Fast Food Nation: Chapter Four
“Becoming a franchisee is an odd combination of starting your own business and going to work for someone else” (Schlosser 94).In Eric Schlosser’s Non-fiction book, Fast Food Nation, Schlosser reasons that fast food has widened the gap between the rich and the poor, started an obesity epidemic and propelled American cultural imperialism abroad. While the idea of a franchiser/ franchisee relationship appears to be nothing but beneficial, it has a serious drawback, which is the release/ acceptance of certain issues out of each party’s control. This, in turn causes other companies to try to develop new ways of forming this relationship. Subway, for example uses “Development Agents” to help ease tensions. However due to this, the controversial issue of encroachment emerges. This leaves society asking at what price is success worth it? And how is success measured by these companies?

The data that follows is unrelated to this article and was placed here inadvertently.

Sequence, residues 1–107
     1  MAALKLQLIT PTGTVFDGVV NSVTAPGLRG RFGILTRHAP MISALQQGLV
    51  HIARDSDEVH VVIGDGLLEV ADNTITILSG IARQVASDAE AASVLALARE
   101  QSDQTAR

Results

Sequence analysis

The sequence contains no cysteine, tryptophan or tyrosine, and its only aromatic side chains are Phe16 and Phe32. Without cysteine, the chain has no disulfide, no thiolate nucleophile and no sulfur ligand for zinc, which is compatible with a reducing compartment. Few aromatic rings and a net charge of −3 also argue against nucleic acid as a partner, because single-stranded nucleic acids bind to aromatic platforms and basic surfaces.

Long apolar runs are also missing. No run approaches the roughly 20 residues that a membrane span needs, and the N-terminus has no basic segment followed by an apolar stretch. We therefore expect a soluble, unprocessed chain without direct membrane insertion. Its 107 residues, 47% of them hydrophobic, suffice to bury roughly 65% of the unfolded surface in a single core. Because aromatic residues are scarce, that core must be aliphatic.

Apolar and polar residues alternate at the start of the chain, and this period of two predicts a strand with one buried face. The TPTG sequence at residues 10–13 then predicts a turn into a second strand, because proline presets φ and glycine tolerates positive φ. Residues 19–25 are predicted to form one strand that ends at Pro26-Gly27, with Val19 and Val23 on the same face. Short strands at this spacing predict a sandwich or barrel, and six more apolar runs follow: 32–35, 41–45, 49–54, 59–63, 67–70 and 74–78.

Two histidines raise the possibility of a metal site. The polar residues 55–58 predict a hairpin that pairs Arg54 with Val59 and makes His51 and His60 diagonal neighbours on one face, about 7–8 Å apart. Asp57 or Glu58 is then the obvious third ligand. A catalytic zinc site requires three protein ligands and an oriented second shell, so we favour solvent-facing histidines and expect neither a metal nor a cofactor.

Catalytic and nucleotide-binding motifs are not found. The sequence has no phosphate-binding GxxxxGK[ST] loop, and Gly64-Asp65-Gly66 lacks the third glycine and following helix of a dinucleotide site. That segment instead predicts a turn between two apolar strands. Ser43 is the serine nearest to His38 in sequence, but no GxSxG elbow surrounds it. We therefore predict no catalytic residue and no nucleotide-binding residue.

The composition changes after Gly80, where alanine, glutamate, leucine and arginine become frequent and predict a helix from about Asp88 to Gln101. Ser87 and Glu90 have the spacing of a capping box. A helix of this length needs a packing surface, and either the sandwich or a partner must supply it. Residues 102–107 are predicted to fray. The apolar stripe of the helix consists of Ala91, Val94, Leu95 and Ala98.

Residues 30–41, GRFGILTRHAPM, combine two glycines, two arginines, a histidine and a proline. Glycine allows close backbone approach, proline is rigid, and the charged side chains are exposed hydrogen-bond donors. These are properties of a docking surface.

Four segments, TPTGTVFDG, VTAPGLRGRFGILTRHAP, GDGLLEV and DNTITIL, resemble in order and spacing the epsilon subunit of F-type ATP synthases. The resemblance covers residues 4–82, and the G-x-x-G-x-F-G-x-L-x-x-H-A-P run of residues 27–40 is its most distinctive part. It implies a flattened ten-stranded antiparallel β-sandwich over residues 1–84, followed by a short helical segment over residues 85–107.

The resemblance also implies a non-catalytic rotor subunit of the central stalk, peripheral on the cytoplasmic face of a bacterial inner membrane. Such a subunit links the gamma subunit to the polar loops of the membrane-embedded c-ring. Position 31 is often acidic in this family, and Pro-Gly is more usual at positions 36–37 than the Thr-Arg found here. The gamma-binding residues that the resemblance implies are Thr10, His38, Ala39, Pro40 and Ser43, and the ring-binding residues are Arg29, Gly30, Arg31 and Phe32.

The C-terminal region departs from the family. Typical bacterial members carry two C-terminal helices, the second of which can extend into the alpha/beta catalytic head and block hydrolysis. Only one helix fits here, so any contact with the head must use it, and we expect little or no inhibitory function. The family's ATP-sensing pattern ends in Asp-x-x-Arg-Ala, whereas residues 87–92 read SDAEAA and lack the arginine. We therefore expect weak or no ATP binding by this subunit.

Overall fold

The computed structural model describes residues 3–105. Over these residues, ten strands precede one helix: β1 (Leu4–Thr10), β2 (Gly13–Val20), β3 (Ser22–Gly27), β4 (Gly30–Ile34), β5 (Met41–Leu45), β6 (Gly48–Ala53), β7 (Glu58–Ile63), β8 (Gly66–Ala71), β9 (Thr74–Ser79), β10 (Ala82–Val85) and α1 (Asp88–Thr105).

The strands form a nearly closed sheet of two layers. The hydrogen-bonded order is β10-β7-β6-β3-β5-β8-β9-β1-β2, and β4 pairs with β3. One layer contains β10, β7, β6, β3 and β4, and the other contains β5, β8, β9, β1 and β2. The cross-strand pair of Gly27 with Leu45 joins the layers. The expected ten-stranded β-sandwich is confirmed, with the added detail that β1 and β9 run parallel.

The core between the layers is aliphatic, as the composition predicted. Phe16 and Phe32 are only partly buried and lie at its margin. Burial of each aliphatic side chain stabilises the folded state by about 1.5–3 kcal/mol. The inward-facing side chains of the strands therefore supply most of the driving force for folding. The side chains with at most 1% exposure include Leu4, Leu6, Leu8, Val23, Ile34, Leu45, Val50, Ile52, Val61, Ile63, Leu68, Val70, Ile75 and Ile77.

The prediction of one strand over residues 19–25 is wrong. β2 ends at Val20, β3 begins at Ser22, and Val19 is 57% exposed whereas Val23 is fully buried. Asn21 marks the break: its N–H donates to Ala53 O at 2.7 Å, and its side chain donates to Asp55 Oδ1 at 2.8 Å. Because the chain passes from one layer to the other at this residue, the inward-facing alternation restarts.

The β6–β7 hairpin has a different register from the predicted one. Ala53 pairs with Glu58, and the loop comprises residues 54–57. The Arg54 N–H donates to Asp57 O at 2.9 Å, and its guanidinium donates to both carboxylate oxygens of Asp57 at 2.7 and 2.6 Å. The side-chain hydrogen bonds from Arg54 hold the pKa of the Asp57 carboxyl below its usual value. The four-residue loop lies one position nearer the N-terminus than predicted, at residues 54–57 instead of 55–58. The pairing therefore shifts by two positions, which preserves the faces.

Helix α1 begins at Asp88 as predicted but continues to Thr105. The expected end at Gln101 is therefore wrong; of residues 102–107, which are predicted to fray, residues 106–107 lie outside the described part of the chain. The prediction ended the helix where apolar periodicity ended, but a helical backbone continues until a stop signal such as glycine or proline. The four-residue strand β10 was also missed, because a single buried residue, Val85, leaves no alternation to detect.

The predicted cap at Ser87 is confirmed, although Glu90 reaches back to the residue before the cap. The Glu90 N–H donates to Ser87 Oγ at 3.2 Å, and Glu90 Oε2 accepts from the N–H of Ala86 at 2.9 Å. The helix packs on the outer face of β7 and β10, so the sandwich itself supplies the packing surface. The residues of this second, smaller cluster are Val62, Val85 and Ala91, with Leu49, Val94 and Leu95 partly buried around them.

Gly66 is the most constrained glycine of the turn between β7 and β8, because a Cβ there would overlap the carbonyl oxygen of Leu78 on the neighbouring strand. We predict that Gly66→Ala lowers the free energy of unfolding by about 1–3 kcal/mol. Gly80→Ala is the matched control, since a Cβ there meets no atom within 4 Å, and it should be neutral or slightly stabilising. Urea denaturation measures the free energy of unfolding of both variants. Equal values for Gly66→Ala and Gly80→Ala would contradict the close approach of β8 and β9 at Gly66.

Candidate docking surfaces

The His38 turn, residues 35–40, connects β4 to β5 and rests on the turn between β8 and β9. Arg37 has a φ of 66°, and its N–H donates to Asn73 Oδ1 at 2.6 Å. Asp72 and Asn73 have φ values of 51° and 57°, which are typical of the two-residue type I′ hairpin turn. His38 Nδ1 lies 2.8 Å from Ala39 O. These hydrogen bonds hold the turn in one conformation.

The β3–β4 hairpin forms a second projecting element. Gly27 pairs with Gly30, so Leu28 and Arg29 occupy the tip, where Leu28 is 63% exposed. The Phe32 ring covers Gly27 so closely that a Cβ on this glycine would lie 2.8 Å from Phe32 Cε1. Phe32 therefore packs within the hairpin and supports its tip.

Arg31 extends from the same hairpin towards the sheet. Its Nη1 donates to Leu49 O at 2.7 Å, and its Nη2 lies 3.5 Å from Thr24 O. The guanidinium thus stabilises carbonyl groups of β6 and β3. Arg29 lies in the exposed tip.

The franchisee/ franchiser relationship has its benefits, but also one major downside which can cause conflicts and controversies. “At the heart of the franchise agreement is the desire by two parties to make money while avoiding risk” (Schlosser 94). In starting your own business, there is a huge financial risk. Even if you have an amazing idea it takes a lot of well managed money. Becoming a franchisee, though, while still costing a good amount of money, the risk is considerably smaller because the name, advertising and product is already out there. “One provides a brand name, a business plan, expertise, access to equipment and supplies. The other puts up the money and does the work” (Schlosser 94). Franchising makes it easier for companies to expand their market and profit from that. “The relationship has built-in tensions. The franchisor gives up some control while not wholly owning each operation; the franchisee sacrifices a great deal of independence by having to obey the companies rules” (Schlosser 94). When putting that amount of money and work...
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